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Foreign policies of Germany and France between 1919 and 1939

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IEP Grenoble

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  1. Introduction
  2. The confrontation of the two powers
    1. Germany and France: The root of the struggle
    2. Security and imperialism: French foreign policy and German resistance
    3. Consequences on international relations
  3. Myth and reality of German and French foreign policies
    1. Locarno Pact: A new policy?
    2. The end of the myth: Collective security and its failure
    3. Nazi foreign policy and its consequences
  4. Conclusion
  5. Bibliography

France and Germany were during the interwar era one of the key elements of international relations. They were the two most involved powers in World War I. This war was not the last as many people hoped. Once again the two powers were very involved in the Second World War. Therefore, it is essential to analyse and compare the foreign policies of France and Germany to understand the breakout of the war. In this paper we will compare the foreign policies of both Germany and France and point up the impact of these policies on international relations and international order. First we have to consider the opposition of the two policies and then highlight the continuity of these policies during all the interwar era.

[...] The final goal of it was to replace Germany as the most important industrial power in Europe but also to make France the centre of a great commercial and economical network. The idea was to remove more than fifty percent of the German energy and raw materials by giving Sarre and Silesia mines to France and Poland and by making Germany give huge quantities of coke and coal to France, Italia and Belgium. The French metallurgic project was more than a mere quest of security, it was a vast project of economical expansion[1]. [...]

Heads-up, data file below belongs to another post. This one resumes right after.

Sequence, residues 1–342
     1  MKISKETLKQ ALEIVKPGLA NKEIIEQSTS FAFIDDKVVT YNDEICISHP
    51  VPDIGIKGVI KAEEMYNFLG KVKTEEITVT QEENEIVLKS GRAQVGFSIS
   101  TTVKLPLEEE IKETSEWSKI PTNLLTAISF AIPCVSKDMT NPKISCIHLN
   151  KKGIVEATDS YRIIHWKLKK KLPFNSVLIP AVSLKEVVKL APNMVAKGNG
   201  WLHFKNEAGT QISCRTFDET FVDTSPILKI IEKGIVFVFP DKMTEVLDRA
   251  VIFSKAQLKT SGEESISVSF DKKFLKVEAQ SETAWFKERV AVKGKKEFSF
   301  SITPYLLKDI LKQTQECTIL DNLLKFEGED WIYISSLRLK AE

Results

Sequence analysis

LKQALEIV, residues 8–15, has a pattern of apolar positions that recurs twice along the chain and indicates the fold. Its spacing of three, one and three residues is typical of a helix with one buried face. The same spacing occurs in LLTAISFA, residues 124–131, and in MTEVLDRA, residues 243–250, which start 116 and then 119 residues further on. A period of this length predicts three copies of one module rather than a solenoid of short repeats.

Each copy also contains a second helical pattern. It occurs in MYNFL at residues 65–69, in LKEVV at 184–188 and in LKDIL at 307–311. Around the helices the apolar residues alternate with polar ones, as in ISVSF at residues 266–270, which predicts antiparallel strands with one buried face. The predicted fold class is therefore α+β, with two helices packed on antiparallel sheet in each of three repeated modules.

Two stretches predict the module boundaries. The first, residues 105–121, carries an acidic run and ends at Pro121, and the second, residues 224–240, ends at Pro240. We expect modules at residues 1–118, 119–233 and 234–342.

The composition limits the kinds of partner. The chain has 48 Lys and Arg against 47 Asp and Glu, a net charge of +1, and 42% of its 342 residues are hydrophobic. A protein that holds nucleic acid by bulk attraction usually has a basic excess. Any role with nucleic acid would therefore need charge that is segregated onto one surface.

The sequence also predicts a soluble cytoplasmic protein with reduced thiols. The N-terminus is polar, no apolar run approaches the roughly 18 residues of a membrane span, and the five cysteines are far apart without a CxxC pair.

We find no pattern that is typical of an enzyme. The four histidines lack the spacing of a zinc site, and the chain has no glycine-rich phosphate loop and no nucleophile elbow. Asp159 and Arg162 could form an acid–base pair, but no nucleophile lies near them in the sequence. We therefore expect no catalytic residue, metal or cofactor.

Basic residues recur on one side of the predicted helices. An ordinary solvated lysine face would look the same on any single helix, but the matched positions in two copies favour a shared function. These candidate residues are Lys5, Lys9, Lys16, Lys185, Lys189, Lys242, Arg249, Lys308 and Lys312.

[...] The end of the French predominance in Europe About the new climate of appeasement and dialogue between France and Germany in the mid-20's see Girault Franck R. Turbulente Europe et nouveaux mondes (1917-1941). Paris About the Locarno Pact an dits different aspects see Milza, Pierre. Les relations internationales de 1918 à 1939. Paris p.60- Keylor, William. The 20th Century World : An International History. 4th edition. OUP p.137. Concerning the European Union project and its failure see Milza, Pierre. Les relations internationales de 1918 à 1939. [...]


[...] International crisis also had deep effects on international relations and foreign policies of Germany and France as well as others powers. Hitler seized control of Germany. The principles of his policy were to increase industrial and military production and to isolate as much as possible. Autarchy includes the idea of strategic autonomy thanks to enough raw materials. As a consequence war became a possible way to escape from crisis by getting new resources. It was collapse of the European security system[9]?. [...]

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